The Unbearable Lightness of Beverages

I’m sitting in my kitchen currently attempting to do some Real Writing(tm), which of course is impossible. I have a pounding headache, three cups of coffee and a double black tea (loose leaf) in my system, and all I want to do is play Singing Monsters on my tablet and nap like I got to nap on Christmas. Oi. Maybe another tea will help.

The husband and I are considering the purchase of a hot water dispenser (or, electric kettle, however fancy you want to be about it) because our tea and coffee habit is getting a little outlandish. We of course drink only loose leaf fragrant teas bought at the local Indian grocer, and we of course love French Pressing our coffee. The addition of an elite, Japanese, top-of-the-line water heater would be the pinnacle of caffeinated snobbery. We could even make noodles with it! You know, green tea needs to be served at a different temperature than black and certainly a different temperature than coffee or fancied up Ramen. If only we could make our chia-seed-steel-cut-oats-with-marionberry-sobpuss-compote with it. Then our lives would be complete.

If you haven’t yet picked up on the subtext: my own hispter yuppieness occasionally disgusts me.

But that won’t stop me from enjoying a cup of  black loose leaf tea at the precisely correct temperature thanks to a Tiger brand hot water kettle. I am actually very excited about this purchase. We live in a very, very crappy apartment, so the idea of not having to wrestle with the fifty-year-old stove in order to boil water is very appealing. It will save lots of time for tea drinking between running the recycling out and picking up the toddler from the university preschool before my husband gets home from his graduate school classes. My Gawd, everything I’ve just said is so yuppie whiteness. Mmmm, tea.

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Excerpt from “He-who-wears-human-heads-as-earrings: Winnebago Hero Mythology”

In his 1948 book, Winnebago hero cycles: a study in aboriginal literature, linguist Paul Radin collected and translated stories directly from the people of the Winnebago nation, introducing previously unheard of mythological heroes to Western audiences. Among these stories is the Red Horn cycle, a series of tales that describe the exploits of the hero Red Horn, or He-who-wears-human-heads-as-earrings. These tales explore themes of identity, ritual, struggle, and transformation, and in many ways they can be seen to trace the separation-initiation-return formula presented in Joseph Campbell’s book The Hero with a Thousand Faces. However, not every facet of the Red Horn cycle fits perfectly within Campbell’s structure; the cycle is a distinctly non-Western narrative with a cultural agenda of its own. Nevertheless, the journey of Red Horn is a complex hero tale that both challenges and reinforces Campbell’s model of the monomyth.

To begin with, Red Horn is a hero of supernatural origin, and this marks him as a hero of monomyth despite the fact that his actual birth or parentage is not explicitly described. In Winnebago Hero Cycles, the supernatural nature of Red Horn is revealed when he clarifies his true name to his elder brother and sister-in-law:

Now the little brother stood up and said, “Those in the heavens who created me did not call me by this name, He-who-is-hit-with-deer-lungs. They called me He-who-wears-human-heads-as-earrings.” With that he spat upon his hands and began fingering his ears. And as he did this, little faces suddenly appeared on his ears, laughing, winking and sticking out their tongues. Then he spoke again, “Those on earth, when they speak of me, call me Red Horn.” (117)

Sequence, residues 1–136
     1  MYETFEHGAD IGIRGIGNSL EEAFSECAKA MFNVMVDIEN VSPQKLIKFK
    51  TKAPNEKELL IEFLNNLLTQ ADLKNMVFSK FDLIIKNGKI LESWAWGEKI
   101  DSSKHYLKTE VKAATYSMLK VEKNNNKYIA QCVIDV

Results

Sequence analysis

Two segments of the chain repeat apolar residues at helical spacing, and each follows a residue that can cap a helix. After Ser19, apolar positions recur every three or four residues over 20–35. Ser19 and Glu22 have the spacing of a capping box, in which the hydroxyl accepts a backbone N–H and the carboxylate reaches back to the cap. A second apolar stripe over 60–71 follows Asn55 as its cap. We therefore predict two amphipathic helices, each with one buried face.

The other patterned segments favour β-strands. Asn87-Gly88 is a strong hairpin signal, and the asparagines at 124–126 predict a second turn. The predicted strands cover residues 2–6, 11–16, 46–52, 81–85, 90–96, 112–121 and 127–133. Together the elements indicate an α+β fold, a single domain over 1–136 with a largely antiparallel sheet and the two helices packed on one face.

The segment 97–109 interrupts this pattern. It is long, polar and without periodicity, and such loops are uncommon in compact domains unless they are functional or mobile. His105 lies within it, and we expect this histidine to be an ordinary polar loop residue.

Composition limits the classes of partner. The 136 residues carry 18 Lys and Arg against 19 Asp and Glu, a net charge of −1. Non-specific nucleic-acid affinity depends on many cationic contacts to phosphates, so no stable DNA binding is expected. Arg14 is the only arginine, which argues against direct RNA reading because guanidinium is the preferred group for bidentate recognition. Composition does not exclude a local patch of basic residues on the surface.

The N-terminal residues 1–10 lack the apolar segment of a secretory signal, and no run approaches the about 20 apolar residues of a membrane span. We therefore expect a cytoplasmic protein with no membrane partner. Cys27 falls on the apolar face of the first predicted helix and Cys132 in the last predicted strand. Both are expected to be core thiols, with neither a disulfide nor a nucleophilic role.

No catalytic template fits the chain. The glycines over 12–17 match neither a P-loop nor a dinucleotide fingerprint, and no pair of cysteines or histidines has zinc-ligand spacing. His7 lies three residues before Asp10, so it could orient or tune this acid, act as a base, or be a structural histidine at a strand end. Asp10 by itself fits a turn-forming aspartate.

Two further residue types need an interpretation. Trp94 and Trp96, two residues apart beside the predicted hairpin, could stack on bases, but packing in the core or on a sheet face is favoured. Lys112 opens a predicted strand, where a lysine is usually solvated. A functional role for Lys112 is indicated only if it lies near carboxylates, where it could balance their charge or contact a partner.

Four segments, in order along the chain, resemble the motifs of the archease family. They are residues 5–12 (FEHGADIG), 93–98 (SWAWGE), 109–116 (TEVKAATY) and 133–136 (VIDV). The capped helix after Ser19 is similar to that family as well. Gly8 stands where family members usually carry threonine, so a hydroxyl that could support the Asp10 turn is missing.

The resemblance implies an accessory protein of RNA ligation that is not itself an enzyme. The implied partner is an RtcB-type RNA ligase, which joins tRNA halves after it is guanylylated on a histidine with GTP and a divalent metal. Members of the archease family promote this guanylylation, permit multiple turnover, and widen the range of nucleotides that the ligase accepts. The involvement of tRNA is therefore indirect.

Red Horn spends the initial stages of the cycle as an unnamed “youngest brother” who often is pelted with the lungs of freshly killed deer. His eldest brother Kunu appears to be the central figure for the first narrative in the cycle until Red Horn wins a footrace by magically turning himself into an arrow (Radin 116). The prize of the race is the hand of the chief’s daughter, which Red Horn gives to his older brothers because he is not of marriageable age; this indicates that, until he discloses his origins and goes on warpath, he is not yet a man. Having announced himself as from heaven and displaying the living human heads in his ears, Red Horn announces himself as a hero and is treated accordingly throughout the rest of the narrative. This is the way Red Horn, as a hero, separates himself from the rest of the population, preparing for his departure on his journey. This step can be correlated to the first step in Campbell’s “separation-initiation-return” monomyth formula.

After being recognized by his divinely given name, Red Horn departs on four warpaths; while the warpaths do not obviously fit the aspects of the monomyth, they do establish him as a cultural hero who illustrates Winnebago ritual. In this movement, Red Horn is called upon to go on these warpaths with his brother Kunu, his friend Turtle, and a hunter named Storms-as-he-walks (Radin 120). Red Horn is then invited by a “host” from a neighboring village who is interested in claiming scalps from other villages. There is no explanation of why this host wishes to make war or who the victims of the war might be. In the myth, the warpath is presented simply as a cultural function. Red Horn agrees to this call to warpath immediately, without any moments of refusal, and he and Storms-as-he-walks fly through the air to reach the enemy…

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The stuff we’re not made of: Armchair Particle Physics

I’ve recently fallen in love with the Large Hadron Collider.

Well, I’m not sure I can say “fallen in love” because it’s not that kind of deep, comfortable kind of love one has with, say, a supportive spouse or long-running TV series. It’s probably more like the kind of love one experiences on their third drink in an empty basement bar–superficial but momentarily overwhelming. (Last summer, it was cognitive neuroscience that caught my fickle eye–but don’t get excited, I’m not that smart. I just love reading stuff that’s over my head. Armchair intellectualism, y’know.)